Bangladesh 148 for 7 (Afif Hossain 52, Madziva 2-25) beat Zimbabwe 144 for 5 (Burl 57*, Mosaddek 1-10) by three wickets

18-overs a side

On a dramatic evening in Dhaka, Bangladesh overpowered a spirited Zimbabwe to win a see-sawing opening match of the tri-series by three wickets. With little to separate the two teams, it was an 82-run seventh-wicket stand between Afif Hossain and Mosaddek Hossain that made the difference, setting up Bangladesh's chase.

Afternoon rain meant the start of the game was delayed by around two hours and reduced to 18 overs a side, but once play began the action was relentless. Taijul Islam became the very first Bangladesh bowler to strike with his first ball on T20I debut and Zimbabwe's middle order crumpled before Ryan Burl and Tinotenda Mutombodzi patched up the innings, Burl launching a blistering attack on Shakib Al Hasan to register his maiden T20I fifty.

Zimbabwe had been 63 for 5 before their stand, and Bangladesh slipped to an even more perilous 60 for 6 before Afif and Mosaddek launched their game-changing counter attack. Afif charged to a maiden fifty of his own, and Bangladesh got over the line with two balls to spare.

Taijul's perfect start

Taijul clearly enjoys playing against Zimbabwe at this ground. In just the third Test of his career, he took what remains a career-best 8 for 39 against them in October 2014. Two months later, he made his ODI debut at this ground, against the same opponents, and became the first bowler ever to take a hat-trick on debut. So there was always going to be a good chance that he would make an impact once again when Shakib tossed him the ball to bowl the second over of the innings.

Taijul didn't disappoint, drawing an injudicious heave from Brendan Taylor with his very first delivery. The ball skewed off the top edge and looped up to be easily pouched by Mahmudullah at short third man.

Some trademark biffing from Hamilton Masakadza helped Zimbabwe to overcome the early loss of Taylor, with sweeps orthodox, reverse, paddled and slogged to reap boundaries on both sides of the wicket. The fifty came up in the seventh over, but then came a mini-collapse as four wickets fell in the space of four overs. Mustafizur Rahman struck in his first over, Mohammad Saifuddin his second, and Mosaddek nipped Sean Williams out with his first ball. When Timycen Maruma was needlessly run out, Zimbabwe were in serious strife at 63 for 5.

The Ryan and Tino show

Before today, Burl and Mutombodzi had played a combined 13 T20Is between them, and neither will have registered as threats on Bangladesh's radar. Neither looked like turning the innings around as they groped and poked their way through probing overs from spin and seam alike in the middle of the innings. With four overs to go and time swiftly running out, Burl finally found his range, crunching Mustafizur over wide long-on and then paddling him to fine leg.

Then came an onslaught the likes of which Shakib had never before experienced as Burl took on the world's leading limited-overs allrounder - and won. Favouring the leg side, Burl unfurled an array of attacking strokes as 30 runs flowed from the over, the most Shakib has ever conceded in this format. Burl raised his maiden T20I fifty and Mutombodzi joined the party in the next over, crunching a meaty blow over cow corner. Together they had successfully repaired Zimbabwe's innings with an 81-run stand: a Zimbabwean record in this format.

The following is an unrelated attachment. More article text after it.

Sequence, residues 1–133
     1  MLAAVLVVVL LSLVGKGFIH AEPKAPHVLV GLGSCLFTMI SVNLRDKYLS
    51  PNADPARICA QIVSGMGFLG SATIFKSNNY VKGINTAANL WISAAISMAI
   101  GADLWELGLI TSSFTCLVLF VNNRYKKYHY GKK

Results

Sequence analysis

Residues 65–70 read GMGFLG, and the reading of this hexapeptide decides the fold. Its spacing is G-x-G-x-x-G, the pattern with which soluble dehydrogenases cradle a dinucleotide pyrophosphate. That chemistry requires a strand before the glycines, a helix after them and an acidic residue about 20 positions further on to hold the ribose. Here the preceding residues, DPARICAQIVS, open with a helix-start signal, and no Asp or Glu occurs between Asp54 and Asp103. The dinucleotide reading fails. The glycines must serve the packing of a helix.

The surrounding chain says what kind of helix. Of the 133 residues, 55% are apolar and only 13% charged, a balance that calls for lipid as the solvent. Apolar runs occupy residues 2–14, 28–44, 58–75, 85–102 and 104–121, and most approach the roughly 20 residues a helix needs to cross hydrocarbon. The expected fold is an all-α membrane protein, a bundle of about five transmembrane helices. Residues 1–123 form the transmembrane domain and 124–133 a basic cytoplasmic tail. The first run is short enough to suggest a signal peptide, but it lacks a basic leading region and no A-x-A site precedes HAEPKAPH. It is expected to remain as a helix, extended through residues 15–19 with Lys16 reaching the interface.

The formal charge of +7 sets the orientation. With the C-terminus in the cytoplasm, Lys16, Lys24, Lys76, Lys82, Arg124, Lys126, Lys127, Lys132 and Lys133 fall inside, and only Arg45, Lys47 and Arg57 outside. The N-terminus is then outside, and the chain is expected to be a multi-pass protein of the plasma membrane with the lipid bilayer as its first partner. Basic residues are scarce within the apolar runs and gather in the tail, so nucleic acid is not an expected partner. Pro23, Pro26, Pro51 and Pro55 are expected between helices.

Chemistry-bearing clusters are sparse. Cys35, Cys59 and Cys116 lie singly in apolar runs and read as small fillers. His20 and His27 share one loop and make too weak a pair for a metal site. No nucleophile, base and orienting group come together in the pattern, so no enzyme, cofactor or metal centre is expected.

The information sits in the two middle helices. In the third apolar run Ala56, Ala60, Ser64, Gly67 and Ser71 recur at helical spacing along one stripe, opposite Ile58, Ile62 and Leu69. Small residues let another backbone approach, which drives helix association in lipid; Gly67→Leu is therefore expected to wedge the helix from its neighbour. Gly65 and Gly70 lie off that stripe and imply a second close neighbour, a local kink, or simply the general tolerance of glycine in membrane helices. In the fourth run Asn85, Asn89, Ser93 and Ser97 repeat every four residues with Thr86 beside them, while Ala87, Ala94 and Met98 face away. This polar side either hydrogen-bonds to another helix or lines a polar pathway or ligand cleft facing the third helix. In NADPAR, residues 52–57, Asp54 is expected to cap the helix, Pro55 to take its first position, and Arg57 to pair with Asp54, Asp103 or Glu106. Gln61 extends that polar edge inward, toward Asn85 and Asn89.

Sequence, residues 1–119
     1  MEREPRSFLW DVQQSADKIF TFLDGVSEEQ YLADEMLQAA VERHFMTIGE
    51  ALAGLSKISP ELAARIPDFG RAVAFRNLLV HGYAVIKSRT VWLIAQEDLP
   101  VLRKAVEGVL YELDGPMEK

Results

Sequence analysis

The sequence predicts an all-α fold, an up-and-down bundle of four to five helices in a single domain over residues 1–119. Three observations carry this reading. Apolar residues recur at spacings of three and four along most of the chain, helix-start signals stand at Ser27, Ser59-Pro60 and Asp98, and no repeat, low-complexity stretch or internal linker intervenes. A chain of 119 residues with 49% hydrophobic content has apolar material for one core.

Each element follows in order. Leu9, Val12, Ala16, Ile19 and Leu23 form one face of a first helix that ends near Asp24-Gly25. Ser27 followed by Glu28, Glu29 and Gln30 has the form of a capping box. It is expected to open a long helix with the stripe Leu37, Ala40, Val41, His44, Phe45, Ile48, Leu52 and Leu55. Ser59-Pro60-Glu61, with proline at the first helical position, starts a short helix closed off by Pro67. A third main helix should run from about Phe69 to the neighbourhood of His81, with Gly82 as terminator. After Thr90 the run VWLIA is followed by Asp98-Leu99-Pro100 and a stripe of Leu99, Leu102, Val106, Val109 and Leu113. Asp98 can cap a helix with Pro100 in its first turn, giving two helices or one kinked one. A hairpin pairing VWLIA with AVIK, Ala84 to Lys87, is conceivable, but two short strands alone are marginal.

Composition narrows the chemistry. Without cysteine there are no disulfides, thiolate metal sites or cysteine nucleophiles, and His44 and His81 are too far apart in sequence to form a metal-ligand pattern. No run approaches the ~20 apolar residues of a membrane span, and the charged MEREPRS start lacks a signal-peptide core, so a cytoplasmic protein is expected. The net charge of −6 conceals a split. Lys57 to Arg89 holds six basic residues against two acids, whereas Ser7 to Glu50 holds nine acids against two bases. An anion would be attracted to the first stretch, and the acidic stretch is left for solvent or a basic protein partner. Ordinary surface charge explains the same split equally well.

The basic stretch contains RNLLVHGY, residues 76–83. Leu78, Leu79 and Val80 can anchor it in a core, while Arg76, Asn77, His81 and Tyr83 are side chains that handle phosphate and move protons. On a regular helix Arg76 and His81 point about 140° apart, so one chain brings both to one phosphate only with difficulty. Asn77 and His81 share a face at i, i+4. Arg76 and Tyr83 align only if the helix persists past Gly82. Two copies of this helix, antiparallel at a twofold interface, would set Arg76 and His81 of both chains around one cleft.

Bangladesh's top order collapse

After Williams' left-arm spin opened the chase, Masakadza brought on the quicks, put himself at slip, and kept himself there even as both Kyle Jarvis and Tendai Chatara over-stepped and gave away Free Hits in their first overs. Masakadza, nevertheless, kept his faith in his quicks, even as Bangladesh cruised to 26 for 0. Then came a collapse that put Zimbabwe's wobble earlier in the evening in the shade, as four wickets fell in the space of 10 deliveries, with Jarvis and Chatara picking up two apiece.

The Afif and Mosaddek show

When Burl put himself back into the action by taking a blinder of a catch in the deep to get rid of Sabbir Rahman, Bangladesh were six down in the 10th over and increasingly rudderless. Enter Afif, just 19 years old, barely over five feet tall and possessed of a rake thin frame that belied wrists of steel and an unflinching temperament.

Afif slapped the very first ball he faced from Madziva, who had his tail up after an early strike, straight back over the bowler's head and continued in much the same vein. Williams was immediately dispatched for 15 runs off his second over, and Mosaddek followed Afif's lead by swiping a brace of sixes off Burl's legspin. A run rate that had been creeping up towards 10 was brought back close to a run a ball by two extraordinarily deft boundaries - ramped over short third man, and then scooped over short fine leg - off Jarvis.

As the match slipped out of Zimbabwe's grasp, sloppiness crept into their fielding effort, and Afif brought up a 24-ball fifty thanks to a fluffed run-out chance by Chatara. With three needed from the last five deliveries, Masakadza held onto a stinger in the covers to finally see the back of Afif, but Saifuddin walked in and tonked the second ball he faced cleanly to midwicket to bring a breathless match to an end, much to the enjoyment of the fans who had packed the stands despite the early rain.